by Jacob Condo, Staff Writer
If you’re an art major, chances are that at some point you’ve been to the Star Store, but have you taken a little time to go explore a bit of New Bedford?
After class last Friday, I decided to do just that, so I took a stroll downtown to check out the New Bedford Whaling Museum.
The closer I got to the historic waterfront, the older the buildings became. I passed from the twentieth century, back into the nineteenth and even eighteenth century, all while the cement turned to slab and cobblestones beneath my feet.
The air was thick with the smell of sea salt and the trilling of gulls, and since I grew up surrounded by the ocean, I was beginning to feel right at home.
I reached my destination late in the afternoon, so the museum was fairly empty except for one or two other patrons. Luckily, they weren’t closing for a couple of hours, so I nearly had the place to myself.
So long as you have your ID with you, UMass Dartmouth students can get free entrance to the museum. Just put your stuff in one of the complimentary lockers and you’re good to go.
Hanging from the ceiling of the Jacobs Family Gallery, the first thing you see when you walk in the museum are the skeletons of three enormous whales. I stood there, mesmerized by the sheer size of these once-living animals suspended from above my head.
As far as first impressions go, it was great.
I then moved on to the decadent galleries, made to look like the rooms of wealthy New Bedford residents from days long past. The wealth that once flowed through this region had funded a great exploration of the arts.
The William Bradford gallery was by far the most breathtaking.
Possessing an eerie inner glow, his paintings feature images of expeditions into the Arctic Circle, filled with majestic steam, sailing ships, distant frozen seas, and translucent icebergs.
From these galleries I ventured further, and walked into the region’s past.
From the time when cedar swamps stretched across the landscape to now, this area has been sustained by the bounty of the sea.
When you speak of New Bedford’s history, you inevitably come to whaling.
In those hours I spent at the museum, I learned about the global economy that grew from the vast wealth of resources that came from the hunting and harvesting of whales.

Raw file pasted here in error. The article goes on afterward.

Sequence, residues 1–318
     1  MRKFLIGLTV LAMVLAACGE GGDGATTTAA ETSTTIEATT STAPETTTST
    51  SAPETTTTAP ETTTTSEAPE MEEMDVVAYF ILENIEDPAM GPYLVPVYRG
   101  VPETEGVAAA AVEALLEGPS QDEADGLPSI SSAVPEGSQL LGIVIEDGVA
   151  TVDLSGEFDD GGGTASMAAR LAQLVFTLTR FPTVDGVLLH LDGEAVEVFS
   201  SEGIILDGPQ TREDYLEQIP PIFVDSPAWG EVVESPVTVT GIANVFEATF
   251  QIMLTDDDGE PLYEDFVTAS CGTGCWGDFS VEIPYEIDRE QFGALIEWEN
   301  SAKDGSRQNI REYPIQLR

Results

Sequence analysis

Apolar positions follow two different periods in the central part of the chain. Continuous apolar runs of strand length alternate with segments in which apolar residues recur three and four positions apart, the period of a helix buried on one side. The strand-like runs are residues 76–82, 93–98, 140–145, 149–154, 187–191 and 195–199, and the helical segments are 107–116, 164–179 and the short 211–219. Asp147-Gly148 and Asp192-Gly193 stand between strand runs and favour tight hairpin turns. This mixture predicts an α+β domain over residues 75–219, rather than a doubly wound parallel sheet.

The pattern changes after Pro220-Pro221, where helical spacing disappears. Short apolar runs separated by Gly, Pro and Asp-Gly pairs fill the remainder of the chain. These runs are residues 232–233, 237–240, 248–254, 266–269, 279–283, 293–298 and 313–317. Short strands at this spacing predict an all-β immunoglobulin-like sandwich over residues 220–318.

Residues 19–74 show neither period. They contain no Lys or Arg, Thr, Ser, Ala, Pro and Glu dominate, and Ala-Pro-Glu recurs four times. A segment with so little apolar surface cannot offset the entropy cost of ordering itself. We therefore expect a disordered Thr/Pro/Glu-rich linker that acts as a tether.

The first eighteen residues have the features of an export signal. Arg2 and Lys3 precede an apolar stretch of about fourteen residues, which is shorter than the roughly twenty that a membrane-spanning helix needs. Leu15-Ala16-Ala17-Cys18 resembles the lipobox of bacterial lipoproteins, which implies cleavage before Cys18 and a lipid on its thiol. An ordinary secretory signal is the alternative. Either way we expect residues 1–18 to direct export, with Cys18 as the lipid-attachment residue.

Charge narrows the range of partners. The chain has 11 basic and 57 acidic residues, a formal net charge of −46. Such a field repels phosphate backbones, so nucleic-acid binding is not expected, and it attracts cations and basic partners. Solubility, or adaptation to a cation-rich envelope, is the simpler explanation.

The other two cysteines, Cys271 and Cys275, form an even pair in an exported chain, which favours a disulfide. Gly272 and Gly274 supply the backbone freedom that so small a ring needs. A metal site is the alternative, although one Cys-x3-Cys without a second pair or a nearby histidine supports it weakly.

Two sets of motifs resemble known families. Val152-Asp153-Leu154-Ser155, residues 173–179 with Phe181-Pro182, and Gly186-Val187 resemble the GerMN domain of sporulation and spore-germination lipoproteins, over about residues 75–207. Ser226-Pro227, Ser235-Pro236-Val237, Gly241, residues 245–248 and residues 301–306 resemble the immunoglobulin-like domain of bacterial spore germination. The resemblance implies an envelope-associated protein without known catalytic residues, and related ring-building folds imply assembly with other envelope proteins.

In a time before fossil fuels, whale oil made the world go ‘round.
The museum even features a gallery devoted entirely to scrimshaw, the craft of carving and engraving bones, teeth, and ivory.
If you continue further, a massive half-scale model of the Lagoda, an old whaling ship, was built into the museum in 1916. To this day, it is the largest model ship in the world at a breathtaking 89 feet, and the museum is celebrating the centennial anniversary of its construction this year.
The ship is surrounded by a collection of clothing, tools, taxidermy, paintings, and other artifacts that bring to life the ways in which the whaling industry shaped the modern world, and how we are taking care of the oceans today.
Before I left the museum for dinner, I took a moment to stand out on the Davis Observation deck, taking in a view of downtown New Bedford’s historic skyline. The air was cool and salty, and I could see straight over the buildings and streets to the water.
Despite the renovations, street art, and the fancy steel and fiberglass boats, nothing was really all that different.
The ships mostly ran on motors and there were no horse-drawn buggies on the cobblestone streets, but the same comings and goings of daily life and commerce were playing out.
New actors, same stage.
After picking up my things, I ventured out past galleries and antique shops to a little restaurant called DnB Burgers. New to the area at just two years old, it’s made quite the splash, appearing twice in The Boston Globe.
What makes this homey little gem shine is the fact that it’s a from scratch burger joint, locally sourced and passionate about their food.
“Quality over quantity!” explains part-owner Amelia Ruvich as we sat down at the bar of their newly opened upstairs dining area.
The meat is ground and prepared in house, and all of the ingredients are grown and produced by local farms.
The quality of the beef alone was evident in that first bite. There’s just something about fresh beef that makes it so deliciously distinct from factory farmed and packaged food. My best compliments to co-owner and head chef Joshua Lemaire.
“Every walk of life comes to this place and that’s what’s great,” Amelia told me, and looking at the people around me, I knew what she said was true.
Sure, there are the hipsters and yogis attracted to the word “organic”, but there were families and old people, too. Even stoners rolled in now and again to sit alongside blue-collar folks and just enjoy the good food and craft drinks.
DnB Burgers may not have come in at the peak of the organic trend, but they’re taking advantage of the lessons learned in other parts of the country, and the fact that our blue-collar working family region is figuratively new ground.
Fresh just isn’t something you get in many cities like New Bedford. What DnB has done is take advantage of this virgin tastebud territory and give the people a taste of how good food can be when you know where it comes from.
As the interview went on and I finished off their New Bedford Poutine, I got to thinking about the history of this city and the region.
Both in the founding and now, there’s a sense of new things to be built from the bounty of the surrounding lands.
We have a bustling port bringing in some of the best quality seafood, and local farms making fresh ingredients for a new market, and it’s all taking place right here in historic New Bedford.